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Plant Asparagus for Years of Harvest

Everyone loves the versatility and fresh, crisp flavor of Asparagus. It’s perfect for summer grilling, steaming, stir fries and can even be canned or frozen for winter storage. Going to the grocery store and buying Asparagus can become costly (especially if you love it as much as I do). Why not grow your own and enjoy fresh Asparagus every summer? Our “Jersey Knight” variety is an extremely vigorous, all-male variety that will produce tasty Asparagus in your garden for up to 15 years if cared for properly. Planting and growing Asparagus is easy – Just follow these simple steps!

Asparagus Jersey KnightWhen to Plant: Plant in spring after your soil has warmed up to 50 degrees Fahrenheit; usually 4-6 weeks prior to your last frost date.

Where to Plant: Asparagus grows best in USDA zones 3 to 8. It requires well draining soil with a pH of 7 to 7.2. A soil test is recommended to show any fertilizer needs. (Get a soil tester here). Plant bare roots in full sun to part shade. Once established, Asparagus will tolerate moderate drought.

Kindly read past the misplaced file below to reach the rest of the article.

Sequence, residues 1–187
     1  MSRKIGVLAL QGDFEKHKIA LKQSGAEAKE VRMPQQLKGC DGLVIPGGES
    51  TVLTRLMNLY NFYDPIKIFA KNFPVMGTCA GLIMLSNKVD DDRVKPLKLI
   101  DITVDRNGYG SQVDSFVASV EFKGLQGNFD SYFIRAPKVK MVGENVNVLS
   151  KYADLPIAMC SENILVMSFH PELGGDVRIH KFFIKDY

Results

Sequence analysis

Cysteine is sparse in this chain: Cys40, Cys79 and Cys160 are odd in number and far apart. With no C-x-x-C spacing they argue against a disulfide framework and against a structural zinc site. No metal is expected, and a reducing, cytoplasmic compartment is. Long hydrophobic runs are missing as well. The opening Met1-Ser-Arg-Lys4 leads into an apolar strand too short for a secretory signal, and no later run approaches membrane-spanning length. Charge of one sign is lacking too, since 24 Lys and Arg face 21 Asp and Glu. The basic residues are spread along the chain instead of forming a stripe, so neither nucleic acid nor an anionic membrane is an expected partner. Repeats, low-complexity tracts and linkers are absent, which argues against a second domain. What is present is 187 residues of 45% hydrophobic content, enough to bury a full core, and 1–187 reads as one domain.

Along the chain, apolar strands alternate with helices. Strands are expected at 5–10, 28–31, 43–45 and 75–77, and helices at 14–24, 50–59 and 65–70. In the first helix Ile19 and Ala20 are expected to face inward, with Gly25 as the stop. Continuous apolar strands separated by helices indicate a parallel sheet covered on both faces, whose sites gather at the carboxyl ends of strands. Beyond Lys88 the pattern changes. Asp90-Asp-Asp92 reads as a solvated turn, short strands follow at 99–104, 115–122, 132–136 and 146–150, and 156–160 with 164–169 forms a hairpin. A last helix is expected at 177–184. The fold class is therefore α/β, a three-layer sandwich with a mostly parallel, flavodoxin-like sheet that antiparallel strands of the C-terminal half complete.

How to Plant: Dig a trench 5-6″ deep and spread out the roots in the bottom; 12-14″ apart covering with 2″ of soil. The roots will grow no matter how they are placed in the trench. Over a period of several weeks, continue to add soil as the plants begin to grow until the trench is full. Make sure to water well after planting and during dry periods.

Time to Harvest: Do not harvest the first year and only a light harvest may be taken the second season. By the third season; harvest spears with tight tips by snapping the 7 to 9″ stalks off at the ground. Limit harvest to a period of 6 to 8 weeks in late spring to early summer or until spears are pencil thin.

Helpful Tips: Asparagus is a great plant for edible landscaping, producing tall fern-like fronds after harvest period until frost.

After Care: Keep plants well cultivated and mulched to prevent weeds. Regular applications of compost or well-rotted manure provide a steady source of nutrients. Do not cut down ferns at the end of the growing season as they protect the crowns in winter. Remove old ferns in spring prior to new shoots emerging. Divide plants in early spring if desired.

Have any of you grown your own Asparagus? Feel free to leave helpful tips below!

Happy Gardening!

March 1, 2012 · Amanda Shepard · Comments Closed
Tags: ,  · Posted in: Gardening in Spring and Summer, How-Tos, Perennials